Why Cars Are The Best Place to Have Tough Conversations with Kids

Need to have a heart-to-heart with your kids? Take a drive.

Remember when your kids would talk your ear off, say the darndest things, tell you often how much they love you? Well, things change. Getting older kids, especially teens, to talk at all can be tricky. Pinning them down for a heart-to-heart is a feat. That is, unless you get them in the car.

Cruising down the road with your child is a surefire way to find out what’s really going in their life. There are fewer distractions, kids can’t squirm away (at least physically), and there’s a limited amount of time to tackle the topic at hand.

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“People say things in a car that they’d never say to someone on the street because there is a perceived separation.”

Plus, people tend to feel more comfortable in cars than in other places, says Fred Peipman, Ph.D., a family psychologist in San Francisco and author of Parenting Across the Gap: Raising Teens in the 21st Century. “You are out and about in the world and at the same time a bit isolated, so people can be somewhat disinhibited,” Peipman says. “People say things in a car that they’d never say to someone on the street because there is a perceived separation. This is not so good for road rage, but for a parent-child discussion dynamic, it’s great.”

Car rides also ease the parent-child power imbalance — by getting rid of eye contact and offering a shared sense of purpose. “Few situations highlight the power dynamic more than facing someone else. When the child is beside or behind the parent, it is a bit easier to talk freely,” says Peipman. To add to that, “you are moving together which can lead to the psychological or emotional concept of moving toward something together.'”

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How to Have a Successful Car Talk

Cars may be uniquely suited for heart-to-hearts with your kid, but getting the conversation started is still challenging. Peipman suggests what he calls the “sandwich approach”: Start with the “fluffy” bread, move into the meat, and end with more bread. In other words, lead with day-to-day details; then get to the more serious discussion (keeping it short and avoiding rants); and finally follow-up with something breezy.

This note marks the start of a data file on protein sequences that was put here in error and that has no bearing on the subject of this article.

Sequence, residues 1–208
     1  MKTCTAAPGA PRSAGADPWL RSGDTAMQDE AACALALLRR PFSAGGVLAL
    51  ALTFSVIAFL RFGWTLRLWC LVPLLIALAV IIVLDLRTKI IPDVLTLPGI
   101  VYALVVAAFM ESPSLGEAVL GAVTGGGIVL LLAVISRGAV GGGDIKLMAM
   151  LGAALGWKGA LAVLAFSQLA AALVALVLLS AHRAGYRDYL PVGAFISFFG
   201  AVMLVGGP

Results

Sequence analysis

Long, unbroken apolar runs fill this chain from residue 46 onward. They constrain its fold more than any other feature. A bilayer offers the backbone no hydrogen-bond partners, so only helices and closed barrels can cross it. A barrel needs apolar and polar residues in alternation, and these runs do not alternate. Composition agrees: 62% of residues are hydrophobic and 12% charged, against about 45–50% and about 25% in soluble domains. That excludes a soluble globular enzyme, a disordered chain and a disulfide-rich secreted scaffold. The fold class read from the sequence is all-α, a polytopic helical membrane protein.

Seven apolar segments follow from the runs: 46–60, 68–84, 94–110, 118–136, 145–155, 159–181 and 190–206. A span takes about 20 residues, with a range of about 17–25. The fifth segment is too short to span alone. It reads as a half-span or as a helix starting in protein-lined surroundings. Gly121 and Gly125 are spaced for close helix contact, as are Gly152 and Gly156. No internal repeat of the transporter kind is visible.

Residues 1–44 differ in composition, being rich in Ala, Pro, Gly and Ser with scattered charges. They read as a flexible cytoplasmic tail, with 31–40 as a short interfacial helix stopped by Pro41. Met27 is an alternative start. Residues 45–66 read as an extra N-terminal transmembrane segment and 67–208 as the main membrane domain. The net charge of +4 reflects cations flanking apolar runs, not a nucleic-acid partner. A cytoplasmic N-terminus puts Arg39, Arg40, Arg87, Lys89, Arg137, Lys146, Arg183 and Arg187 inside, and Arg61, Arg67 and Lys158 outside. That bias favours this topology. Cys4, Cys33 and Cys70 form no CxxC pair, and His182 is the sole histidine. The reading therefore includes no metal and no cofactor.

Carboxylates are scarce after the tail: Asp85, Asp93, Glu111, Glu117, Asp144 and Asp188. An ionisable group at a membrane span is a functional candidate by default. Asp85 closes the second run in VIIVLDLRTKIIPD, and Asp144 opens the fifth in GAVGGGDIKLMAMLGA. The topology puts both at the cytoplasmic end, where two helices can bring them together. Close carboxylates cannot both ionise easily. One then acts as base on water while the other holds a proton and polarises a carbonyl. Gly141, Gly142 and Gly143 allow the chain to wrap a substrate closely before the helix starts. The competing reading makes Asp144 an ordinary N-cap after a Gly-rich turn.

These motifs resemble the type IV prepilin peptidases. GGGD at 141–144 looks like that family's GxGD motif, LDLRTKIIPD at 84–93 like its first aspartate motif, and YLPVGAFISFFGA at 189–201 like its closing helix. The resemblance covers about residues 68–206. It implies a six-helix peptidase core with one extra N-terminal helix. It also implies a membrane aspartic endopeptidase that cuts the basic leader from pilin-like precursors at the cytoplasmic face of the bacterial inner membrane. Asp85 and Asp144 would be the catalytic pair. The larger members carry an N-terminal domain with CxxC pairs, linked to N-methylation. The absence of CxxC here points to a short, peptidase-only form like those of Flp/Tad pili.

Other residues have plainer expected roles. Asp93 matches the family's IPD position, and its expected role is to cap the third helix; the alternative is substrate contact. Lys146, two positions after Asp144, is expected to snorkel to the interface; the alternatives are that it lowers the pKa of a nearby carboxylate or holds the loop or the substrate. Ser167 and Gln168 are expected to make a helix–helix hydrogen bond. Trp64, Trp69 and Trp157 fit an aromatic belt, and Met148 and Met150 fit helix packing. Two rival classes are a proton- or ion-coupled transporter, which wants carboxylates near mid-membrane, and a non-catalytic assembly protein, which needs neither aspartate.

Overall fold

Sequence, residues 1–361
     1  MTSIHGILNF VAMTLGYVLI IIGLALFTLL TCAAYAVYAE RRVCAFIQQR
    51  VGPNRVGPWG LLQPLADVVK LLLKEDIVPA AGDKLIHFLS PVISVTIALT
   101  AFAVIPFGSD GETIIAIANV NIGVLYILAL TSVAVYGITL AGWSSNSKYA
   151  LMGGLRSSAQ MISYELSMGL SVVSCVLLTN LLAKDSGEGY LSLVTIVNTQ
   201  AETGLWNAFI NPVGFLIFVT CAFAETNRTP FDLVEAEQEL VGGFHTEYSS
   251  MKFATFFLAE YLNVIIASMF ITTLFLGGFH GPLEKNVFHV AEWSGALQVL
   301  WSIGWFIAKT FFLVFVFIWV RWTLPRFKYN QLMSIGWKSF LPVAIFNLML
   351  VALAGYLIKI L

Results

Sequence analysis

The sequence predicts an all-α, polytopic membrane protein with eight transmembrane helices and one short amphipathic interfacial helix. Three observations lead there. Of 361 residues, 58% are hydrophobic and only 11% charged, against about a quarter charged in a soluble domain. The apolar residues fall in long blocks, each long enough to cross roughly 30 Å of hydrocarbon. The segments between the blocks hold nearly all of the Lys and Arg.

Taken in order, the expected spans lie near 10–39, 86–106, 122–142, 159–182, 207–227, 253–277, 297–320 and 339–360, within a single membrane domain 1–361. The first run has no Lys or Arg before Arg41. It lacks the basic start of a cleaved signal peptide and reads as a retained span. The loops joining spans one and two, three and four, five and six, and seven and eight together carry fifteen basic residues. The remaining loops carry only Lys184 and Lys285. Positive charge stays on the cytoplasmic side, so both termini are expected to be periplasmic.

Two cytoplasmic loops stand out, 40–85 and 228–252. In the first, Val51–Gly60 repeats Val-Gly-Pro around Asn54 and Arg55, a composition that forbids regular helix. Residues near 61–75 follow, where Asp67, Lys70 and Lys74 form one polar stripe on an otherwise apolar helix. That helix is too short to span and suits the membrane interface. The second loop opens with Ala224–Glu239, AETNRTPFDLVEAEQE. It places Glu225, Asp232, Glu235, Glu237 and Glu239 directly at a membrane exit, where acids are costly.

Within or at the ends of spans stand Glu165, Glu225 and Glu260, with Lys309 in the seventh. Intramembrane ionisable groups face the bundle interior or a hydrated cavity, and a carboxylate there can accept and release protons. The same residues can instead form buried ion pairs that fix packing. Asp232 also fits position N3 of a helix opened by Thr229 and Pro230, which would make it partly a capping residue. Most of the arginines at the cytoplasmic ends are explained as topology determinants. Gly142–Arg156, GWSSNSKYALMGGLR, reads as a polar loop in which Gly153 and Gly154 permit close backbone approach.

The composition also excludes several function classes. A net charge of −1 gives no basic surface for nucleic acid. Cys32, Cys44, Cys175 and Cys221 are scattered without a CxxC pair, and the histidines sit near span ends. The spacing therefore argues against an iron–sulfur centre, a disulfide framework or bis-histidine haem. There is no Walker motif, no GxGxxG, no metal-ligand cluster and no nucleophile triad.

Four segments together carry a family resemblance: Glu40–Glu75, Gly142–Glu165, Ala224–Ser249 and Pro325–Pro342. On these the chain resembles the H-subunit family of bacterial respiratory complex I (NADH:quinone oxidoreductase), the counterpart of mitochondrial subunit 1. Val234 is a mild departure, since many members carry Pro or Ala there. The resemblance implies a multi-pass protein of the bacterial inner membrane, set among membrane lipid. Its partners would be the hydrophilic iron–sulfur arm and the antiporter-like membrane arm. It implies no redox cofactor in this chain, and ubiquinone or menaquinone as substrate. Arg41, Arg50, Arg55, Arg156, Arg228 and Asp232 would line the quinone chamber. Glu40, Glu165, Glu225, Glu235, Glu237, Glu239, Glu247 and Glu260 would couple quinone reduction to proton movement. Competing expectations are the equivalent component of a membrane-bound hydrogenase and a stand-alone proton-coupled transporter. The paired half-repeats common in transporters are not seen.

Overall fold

Peipman offers some examples of this approach. “Open with a relatively innocuous topic — like, ‘are your friends doing anything cool this summer?’ — and then move into something more substantive,” he says. “For more challenging conversations, say, ‘Look, you came home past curfew the other night — what’s up?’ Then be quiet, listen, and hold back judgment, even if they’ve done something absolutely foolish. You’ll get more information by asking open-ended questions and listening.” To wrap it up, thank them for talking and make a joke, or switch to a breezier subject.

“There’s a relaxed informality about car journeys — unlike sitting round the table at meal times, for example, with everyone looking at you.”

At some point, your kids will likely retreat — and for older kids this often means they go to their phones. “Wise parents just engage with that,” says Dr. Laurie Hollman, a psychoanalyst and author of Unlocking Parental Intelligence: Finding Meaning in You Child’s Behavior. “Ask about friendships they are carrying on with on the phone, plans they are making to socialize over the weekend, and show an interest in the fun they are planning.”

Above all, aim to make the car a safe space and conversation in it a laid-back affair. “There’s a relaxed informality about car journeys — unlike sitting round the table at meal times, for example, with everyone looking at you,” Hannah says. “If you fear being judged or ridiculed, the lack of eye contact in a car conversation can lessen the blow. It’s disinhibiting.”

After all, any good conversation requires an easy pace and a pressure-free atmosphere with limited outside distractions. The car ride happens to offer just that that, and the conversation can spill outside of the vehicle afterwards. “At a quiet time at home, the parent can bring up the subject again making sure not to sound judgmental but empathic and open-minded about their child or teen’s perspectives,” Hollman says. “Be careful not to share your vantage points until you have heard your child out without interruption. Then ask if they would like your opinions. This not only leads to further communication but also strengthens the parent-child bond.”

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